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SMH's Driver Rehab Program Can Keep Older Adults in the Driver's Seat

Posted on July 09, 2019 | by Timothy Fanning, Herald-Tribune Media Group
SMH's Driver Rehab Program Can Keep Older Adults in the Driver's Seat

The evaluation helps older adults and people rebuilding their lives after a severe injury or debilitating illness.

It’s a painful rite of passage — giving up the car keys when age takes its toll on motor skills or cognitive function.

The challenge can be as simple as turning the steering wheel or comfortably moving your head left and right to look for oncoming traffic. But it also can be as impossible as finding your driveway.

That’s where Sarasota Memorial Hospital’s Driver Evaluation and Rehabilitation program steps in.

For years, physical therapists with the hospital’s outpatient rehab services have helped drivers determine whether they are still safe to stay on the road or return behind the wheel after a severe injury.

Many of the clients, who must be referred to the service by a physician, are in their 70s or 80s.

There are also many drivers who want to rebuild their lives after a severe injury or a debilitating illness, said Brandy Pouso, a physical therapist and certified driver rehabilitation specialist at SHM.

Since 2004, Florida drivers over the age of 80 are required to pass a vision test when they renew their license. But there is no physical or other examination required. SHM’s program is one of the few resources in the area that includes a physical, vision, cognitive, and driving evaluation.

Aging and driving safety

• Go to the eye doctor regularly.
• Get your hearing checked.
• Exercising often is the best way to maintain your abilities — even the ability to drive.
• Turn your head from side to side; this helps maintain the flexibility you might need to be able to look for a passing car or to check blind spots.
• Take a safe-driver course; it may qualify you for insurance discounts.
• Enroll in a driver assessment or reeducation course such as Sarasota Memorial’s Driver Evaluation and Rehabilitation Program. (Call 941-917-7600 for more information or to make an appointment).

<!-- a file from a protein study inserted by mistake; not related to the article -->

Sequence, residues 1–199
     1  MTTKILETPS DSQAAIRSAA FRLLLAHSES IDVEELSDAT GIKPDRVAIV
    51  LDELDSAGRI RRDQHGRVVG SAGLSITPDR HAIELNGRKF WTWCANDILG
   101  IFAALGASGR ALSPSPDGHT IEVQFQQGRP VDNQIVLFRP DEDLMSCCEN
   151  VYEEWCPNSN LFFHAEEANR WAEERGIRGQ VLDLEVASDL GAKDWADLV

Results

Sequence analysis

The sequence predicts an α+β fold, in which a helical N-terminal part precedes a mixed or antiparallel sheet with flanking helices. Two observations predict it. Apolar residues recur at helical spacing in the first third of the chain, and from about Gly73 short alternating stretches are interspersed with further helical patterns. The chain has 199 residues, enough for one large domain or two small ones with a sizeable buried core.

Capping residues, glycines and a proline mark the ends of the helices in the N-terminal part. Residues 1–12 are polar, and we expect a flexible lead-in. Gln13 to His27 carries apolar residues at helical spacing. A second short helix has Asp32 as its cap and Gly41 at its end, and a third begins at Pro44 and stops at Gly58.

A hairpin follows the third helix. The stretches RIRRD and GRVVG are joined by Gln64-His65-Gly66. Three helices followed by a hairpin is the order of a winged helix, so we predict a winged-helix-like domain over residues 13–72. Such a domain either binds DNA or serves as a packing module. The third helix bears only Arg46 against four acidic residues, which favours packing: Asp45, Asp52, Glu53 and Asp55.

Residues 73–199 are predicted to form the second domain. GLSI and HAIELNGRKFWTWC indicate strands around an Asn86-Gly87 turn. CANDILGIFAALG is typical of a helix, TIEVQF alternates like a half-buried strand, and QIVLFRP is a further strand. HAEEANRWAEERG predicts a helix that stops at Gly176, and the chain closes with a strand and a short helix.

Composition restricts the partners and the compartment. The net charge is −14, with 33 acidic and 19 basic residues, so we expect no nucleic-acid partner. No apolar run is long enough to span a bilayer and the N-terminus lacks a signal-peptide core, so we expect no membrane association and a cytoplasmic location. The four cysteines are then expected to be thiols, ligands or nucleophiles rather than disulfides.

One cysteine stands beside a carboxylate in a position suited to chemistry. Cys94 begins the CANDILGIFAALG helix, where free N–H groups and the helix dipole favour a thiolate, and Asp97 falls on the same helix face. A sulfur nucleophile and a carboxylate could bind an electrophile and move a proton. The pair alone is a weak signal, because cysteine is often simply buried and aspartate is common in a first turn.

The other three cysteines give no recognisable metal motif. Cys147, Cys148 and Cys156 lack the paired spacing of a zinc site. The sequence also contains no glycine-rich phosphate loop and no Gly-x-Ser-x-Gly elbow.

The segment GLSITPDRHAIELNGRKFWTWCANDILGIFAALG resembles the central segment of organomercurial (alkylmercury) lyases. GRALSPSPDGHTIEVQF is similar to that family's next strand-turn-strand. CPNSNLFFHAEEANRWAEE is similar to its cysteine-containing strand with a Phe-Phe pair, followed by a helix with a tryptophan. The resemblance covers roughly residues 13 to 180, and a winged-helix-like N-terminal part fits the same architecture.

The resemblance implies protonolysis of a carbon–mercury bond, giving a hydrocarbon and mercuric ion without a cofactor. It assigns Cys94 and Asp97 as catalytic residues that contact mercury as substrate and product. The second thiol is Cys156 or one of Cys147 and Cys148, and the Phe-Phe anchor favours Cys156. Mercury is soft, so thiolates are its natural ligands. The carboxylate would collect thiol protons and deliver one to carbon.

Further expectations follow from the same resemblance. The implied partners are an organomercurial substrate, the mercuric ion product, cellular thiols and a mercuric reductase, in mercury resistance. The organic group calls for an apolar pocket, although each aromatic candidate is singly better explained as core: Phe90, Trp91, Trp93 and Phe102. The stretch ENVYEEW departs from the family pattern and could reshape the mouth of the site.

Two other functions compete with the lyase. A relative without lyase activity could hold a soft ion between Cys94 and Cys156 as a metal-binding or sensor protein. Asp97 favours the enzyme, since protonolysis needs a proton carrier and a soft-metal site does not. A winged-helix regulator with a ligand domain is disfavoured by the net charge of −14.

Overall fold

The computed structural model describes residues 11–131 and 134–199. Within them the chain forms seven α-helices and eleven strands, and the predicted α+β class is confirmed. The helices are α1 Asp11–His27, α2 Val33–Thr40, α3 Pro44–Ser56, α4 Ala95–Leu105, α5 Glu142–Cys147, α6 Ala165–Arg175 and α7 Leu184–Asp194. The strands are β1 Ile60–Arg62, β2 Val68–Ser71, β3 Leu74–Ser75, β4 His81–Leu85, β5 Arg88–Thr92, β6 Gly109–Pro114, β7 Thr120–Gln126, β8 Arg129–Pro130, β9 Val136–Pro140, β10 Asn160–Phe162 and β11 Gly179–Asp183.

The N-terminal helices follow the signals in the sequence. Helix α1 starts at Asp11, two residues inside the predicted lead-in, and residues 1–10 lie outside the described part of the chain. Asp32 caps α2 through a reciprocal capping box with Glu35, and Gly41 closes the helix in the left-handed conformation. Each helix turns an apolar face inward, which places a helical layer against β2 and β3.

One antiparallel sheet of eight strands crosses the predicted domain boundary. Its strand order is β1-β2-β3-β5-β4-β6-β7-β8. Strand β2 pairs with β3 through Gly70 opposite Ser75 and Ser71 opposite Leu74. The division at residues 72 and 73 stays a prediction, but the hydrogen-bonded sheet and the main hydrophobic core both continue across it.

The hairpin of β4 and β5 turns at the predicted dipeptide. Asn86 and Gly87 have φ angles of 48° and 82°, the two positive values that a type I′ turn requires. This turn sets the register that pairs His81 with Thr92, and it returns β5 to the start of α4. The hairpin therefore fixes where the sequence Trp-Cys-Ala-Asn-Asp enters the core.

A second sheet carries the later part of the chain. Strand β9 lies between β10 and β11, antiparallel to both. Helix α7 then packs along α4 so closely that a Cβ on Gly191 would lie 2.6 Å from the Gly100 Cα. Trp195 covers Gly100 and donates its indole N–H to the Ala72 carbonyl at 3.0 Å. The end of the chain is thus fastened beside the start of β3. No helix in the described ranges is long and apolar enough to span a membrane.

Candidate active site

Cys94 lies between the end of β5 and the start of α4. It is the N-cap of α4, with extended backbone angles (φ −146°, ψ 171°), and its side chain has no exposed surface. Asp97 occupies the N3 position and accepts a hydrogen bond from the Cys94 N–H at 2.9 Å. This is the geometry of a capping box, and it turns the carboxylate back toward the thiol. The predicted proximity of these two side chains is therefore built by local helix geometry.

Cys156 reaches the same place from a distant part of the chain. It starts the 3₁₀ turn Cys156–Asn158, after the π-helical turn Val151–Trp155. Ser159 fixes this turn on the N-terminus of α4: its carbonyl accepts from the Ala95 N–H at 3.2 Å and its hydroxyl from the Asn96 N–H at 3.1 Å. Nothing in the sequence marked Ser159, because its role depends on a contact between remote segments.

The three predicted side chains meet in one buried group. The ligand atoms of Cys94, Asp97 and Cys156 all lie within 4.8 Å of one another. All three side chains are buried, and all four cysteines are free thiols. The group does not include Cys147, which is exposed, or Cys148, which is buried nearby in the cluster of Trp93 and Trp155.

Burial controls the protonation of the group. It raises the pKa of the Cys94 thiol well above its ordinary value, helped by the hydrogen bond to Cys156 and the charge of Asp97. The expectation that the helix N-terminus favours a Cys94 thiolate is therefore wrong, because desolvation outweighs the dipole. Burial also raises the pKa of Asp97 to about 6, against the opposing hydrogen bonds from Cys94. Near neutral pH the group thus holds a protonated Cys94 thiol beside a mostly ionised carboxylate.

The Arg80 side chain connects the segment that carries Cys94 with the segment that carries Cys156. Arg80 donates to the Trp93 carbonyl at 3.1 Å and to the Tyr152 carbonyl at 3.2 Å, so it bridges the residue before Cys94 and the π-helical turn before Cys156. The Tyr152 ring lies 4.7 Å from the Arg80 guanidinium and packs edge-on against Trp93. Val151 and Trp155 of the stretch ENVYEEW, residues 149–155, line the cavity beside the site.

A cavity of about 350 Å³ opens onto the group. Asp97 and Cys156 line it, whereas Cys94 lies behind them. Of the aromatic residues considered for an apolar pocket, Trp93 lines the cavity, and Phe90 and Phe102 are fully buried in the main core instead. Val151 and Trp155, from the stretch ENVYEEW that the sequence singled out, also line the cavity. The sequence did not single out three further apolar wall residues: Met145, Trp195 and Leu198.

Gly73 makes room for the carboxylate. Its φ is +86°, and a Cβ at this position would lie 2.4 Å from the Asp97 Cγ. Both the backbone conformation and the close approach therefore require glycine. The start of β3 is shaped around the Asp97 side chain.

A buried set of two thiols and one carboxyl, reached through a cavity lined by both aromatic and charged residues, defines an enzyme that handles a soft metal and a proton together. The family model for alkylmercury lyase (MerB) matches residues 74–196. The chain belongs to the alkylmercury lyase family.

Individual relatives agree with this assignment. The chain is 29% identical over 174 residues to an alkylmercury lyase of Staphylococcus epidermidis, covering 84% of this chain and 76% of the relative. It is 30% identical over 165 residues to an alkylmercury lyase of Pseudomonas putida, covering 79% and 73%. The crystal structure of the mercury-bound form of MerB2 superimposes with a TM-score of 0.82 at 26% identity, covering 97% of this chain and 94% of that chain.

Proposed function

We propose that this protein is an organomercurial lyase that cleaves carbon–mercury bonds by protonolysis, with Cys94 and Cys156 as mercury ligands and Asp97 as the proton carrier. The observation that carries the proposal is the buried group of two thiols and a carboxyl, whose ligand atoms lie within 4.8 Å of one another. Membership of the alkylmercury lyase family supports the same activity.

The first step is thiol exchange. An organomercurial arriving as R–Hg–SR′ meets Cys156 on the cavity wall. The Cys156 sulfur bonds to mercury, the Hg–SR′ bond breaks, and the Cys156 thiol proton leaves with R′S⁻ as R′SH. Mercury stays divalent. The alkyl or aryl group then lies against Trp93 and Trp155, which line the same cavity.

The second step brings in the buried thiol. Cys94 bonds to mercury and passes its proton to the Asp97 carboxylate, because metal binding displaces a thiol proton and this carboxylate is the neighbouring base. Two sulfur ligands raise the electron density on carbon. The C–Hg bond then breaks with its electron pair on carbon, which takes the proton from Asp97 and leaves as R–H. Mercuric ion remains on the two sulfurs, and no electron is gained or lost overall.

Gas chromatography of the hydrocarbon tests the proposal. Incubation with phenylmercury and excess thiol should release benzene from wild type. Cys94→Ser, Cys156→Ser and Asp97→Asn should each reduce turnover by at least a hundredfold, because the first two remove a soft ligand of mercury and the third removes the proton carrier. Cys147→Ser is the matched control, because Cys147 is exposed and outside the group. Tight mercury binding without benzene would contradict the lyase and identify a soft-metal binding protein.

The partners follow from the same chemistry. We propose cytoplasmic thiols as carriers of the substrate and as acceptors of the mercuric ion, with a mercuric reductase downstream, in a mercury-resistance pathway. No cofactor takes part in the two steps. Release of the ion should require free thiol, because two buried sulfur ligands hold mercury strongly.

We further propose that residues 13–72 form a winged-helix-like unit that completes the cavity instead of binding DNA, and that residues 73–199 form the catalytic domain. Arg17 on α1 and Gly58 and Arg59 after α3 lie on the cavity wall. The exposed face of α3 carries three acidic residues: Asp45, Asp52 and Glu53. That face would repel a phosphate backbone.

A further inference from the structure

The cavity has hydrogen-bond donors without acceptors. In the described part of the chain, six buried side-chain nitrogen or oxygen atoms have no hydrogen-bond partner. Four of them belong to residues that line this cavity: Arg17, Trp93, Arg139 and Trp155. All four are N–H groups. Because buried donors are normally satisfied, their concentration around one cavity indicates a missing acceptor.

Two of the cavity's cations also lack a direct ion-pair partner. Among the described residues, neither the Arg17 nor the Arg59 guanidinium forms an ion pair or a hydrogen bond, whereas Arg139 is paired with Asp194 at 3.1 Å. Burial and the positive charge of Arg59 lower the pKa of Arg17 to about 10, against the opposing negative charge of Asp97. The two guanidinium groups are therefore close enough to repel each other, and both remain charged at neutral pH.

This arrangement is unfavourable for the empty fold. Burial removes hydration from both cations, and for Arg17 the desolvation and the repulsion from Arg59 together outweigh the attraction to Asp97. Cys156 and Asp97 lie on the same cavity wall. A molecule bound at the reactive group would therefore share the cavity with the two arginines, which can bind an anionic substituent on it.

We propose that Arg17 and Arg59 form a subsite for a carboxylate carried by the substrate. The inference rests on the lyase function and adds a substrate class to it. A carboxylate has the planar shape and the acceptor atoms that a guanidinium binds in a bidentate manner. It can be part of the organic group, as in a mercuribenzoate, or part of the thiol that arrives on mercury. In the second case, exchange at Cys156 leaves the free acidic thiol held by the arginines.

“It’s about assessing and educating — not about forcing anyone to retire from driving,” said Pouso.

Driver evaluation recommendations can include anything from physical therapy to vehicle modifications, such as installing wider rearview mirrors or hand controls. They are also not shared with any government agency that regulates road safety.

The cost for an evaluation varies and is often dependent on the amount of time required for providing the service. SMH’s program, at the Health Care Center at Clark Road, is $100 an hour and is not covered by Medicare, Medicaid, or private insurance.

For financial support, clients may qualify for services through the state’s vocational rehabilitation or independent-living programs.

The evaluation, which typically takes about two hours, is sent to the referring physician, who will determine whether there is a need for rehabilitation or to limit driving to the daytime or if it’s time to consider hanging up the keys.

There are more drivers on the road than ever before. Not only are aging baby boomers driving up the numbers, but the number of drivers over 70 has increased by 48% between 1997 and 2016, according to the Insurance Institute for Highway Safety.

Older people also outlive their ability to drive safely by an average of seven to 10 years, according to research published last year from the AAA Foundation for Traffic Safety.

Driving helps older adults stay mobile and independent. However, the risk of being injured or killed in a motor vehicle crash increases as people age, according to the Centers for Disease Control.

For example, involvement in fatal crashes per miles traveled begins increasing among drivers 70 to 74 and are highest among drivers ages 85 and older, according to the U.S. Department of Transportation.

This trend has been attributed more to an increased susceptibility to injury and medical complications among older drivers rather than an increased risk of crash involvement. People should be talking more about safe driving and may need to plan for “driving retirement,” said Pouso.

However, few older adults actually do, according to the research by the Longitudinal Research on Aging Drivers project. That study found that almost 83% of drivers ages 65 to 79 haven’t spoken to family members or a physician about their safe-driving ability.

We Need to Talk, AARP’s free online seminar developed to help family members broach the topic of stopping or limiting driving, provides family members with the tools to begin a conversation about driving and also about possible solutions.

“It’s not an easy discussion to have,” said Pouso. “Giving up your car is a big change in your life. But if you’re proactive, and plan, you can save yourself a lot of heartache.”

For a list of affordable transportation options for older adults and people with disabilities and how to contact them, visit seniorbluebook.com, a free resource guide that covers Manatee, Sarasota, and Charlotte counties.

This story comes from Aspirations Journalism, an initiative of The Patterson Foundation and Sarasota Herald-Tribune to inform, inspire, and engage the community to take action on issues related to Age-Friendly Sarasota, Suncoast Campaign for Grade-Level Reading, National Council on Aging and the Suncoast Nursing Action Coalition.


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